Rapid eye movement, or REM for short, is the last stage of every sleep cycle. Its catchy name comes from the fact that during this phase, our eyes shift laterally while we concentrate on an object. We’re glad our eyelids are closed because if they were open, we may give off a creepy vibe. The movement, however, has an end in mind. Dreaming happens during rapid eye movement (REM) sleep, and this is how we view the events of our dreams, whether they include a magnificent vacation break or the recurring horror of completing final exams years after graduating from high school. In other words, dreaming occurs during the rapid eye movement (REM) phase of sleep.
Understanding REM sleep is facilitated by a foundational understanding of sleep cycles. Four to six cycles of ninety-one to one hundred ten minutes each make up a normal night’s sleep. There are four main phases in each cycle. The first three stages of sleep are classified as non-rapid eye movement (NREM) because they do not include rapid eye movement. After then, we enter rapid eye movement (REM) sleep, during which most of our dreams occur, the most common of which involves us winning the jackpot. So you need to know how much rem sleep do you need.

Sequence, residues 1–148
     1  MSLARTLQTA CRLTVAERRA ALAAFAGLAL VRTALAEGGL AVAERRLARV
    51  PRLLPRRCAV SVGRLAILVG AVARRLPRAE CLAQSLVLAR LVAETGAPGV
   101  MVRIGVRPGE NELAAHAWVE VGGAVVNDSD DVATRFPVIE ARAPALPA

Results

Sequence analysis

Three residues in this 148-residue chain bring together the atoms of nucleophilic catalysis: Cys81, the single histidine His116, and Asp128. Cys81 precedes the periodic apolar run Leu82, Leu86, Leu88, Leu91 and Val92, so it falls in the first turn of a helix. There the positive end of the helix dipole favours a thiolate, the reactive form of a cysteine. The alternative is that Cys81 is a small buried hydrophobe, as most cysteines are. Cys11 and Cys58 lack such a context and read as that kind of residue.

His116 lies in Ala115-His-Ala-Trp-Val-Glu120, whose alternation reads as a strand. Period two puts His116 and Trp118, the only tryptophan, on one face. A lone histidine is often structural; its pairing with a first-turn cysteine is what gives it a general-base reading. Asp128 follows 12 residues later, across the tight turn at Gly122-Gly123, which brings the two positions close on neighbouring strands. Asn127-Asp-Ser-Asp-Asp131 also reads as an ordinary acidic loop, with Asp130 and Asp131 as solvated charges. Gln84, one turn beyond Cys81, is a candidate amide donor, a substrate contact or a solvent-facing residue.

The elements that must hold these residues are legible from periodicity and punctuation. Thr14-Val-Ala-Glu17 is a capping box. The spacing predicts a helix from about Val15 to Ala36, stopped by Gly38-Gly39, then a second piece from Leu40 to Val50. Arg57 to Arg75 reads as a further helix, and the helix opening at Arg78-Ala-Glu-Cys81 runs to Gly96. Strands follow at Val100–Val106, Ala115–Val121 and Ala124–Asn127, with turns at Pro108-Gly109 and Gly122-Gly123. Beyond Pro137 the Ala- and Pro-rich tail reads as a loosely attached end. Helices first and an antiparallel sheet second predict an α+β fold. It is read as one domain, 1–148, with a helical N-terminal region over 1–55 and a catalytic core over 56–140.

What precisely occurs during rapid eye movement sleep?
Rapid eye movement (REM) sleep comes after NREM3, a period of deep sleep during which your body and brain enter a state of repair, and is characterised by a dramatic slowing of your heart rate and breathing rate. The rapid eye movement (REM) stage at the conclusion of a sleep cycle serves as a kind of transitional phase between the end of one sleep cycle and the start of the next. When you enter REM, your heart rate and breathing rate will accelerate rapidly after having dropped down greatly during NREM3.
- As the name suggests, rapid eye movement (REM) is characterised by rapid eye movement. But why do they act in such a deceptive manner? This is because they are doing an in-depth examination of your dream imagery. Scientists who study sleep have suspected this for a long time, but a 2015 study published in Nature Communications provides definitive proof. As if your mind were a smartphone, your eyes would dart in all directions, connecting with various dream images each time.
- When you’re at rest, your eyes dart back and forth constantly. Because your muscles are paralysed, you can’t really take part in the dreamscapes you’re experiencing. Neurotransmitters like gamma-aminobutyric acid (GABA) and glycine block the parts of the brain that regulate muscle movement. Reduced muscle activity is likely a defence mechanism that helps you sleep through the night without responding to the surreal sights that flash before your dreaming eyes.
The usual muscular paralysis that happens during REM sleep may not occur for those with REM sleep behavioural disorder. Because of this, they may scream, flap their limbs, or otherwise move about a lot when they are supposed to be resting. However, every one of us is prone to having a moment when we live out one of our dreams every once in a while, especially after an extremely stressful day.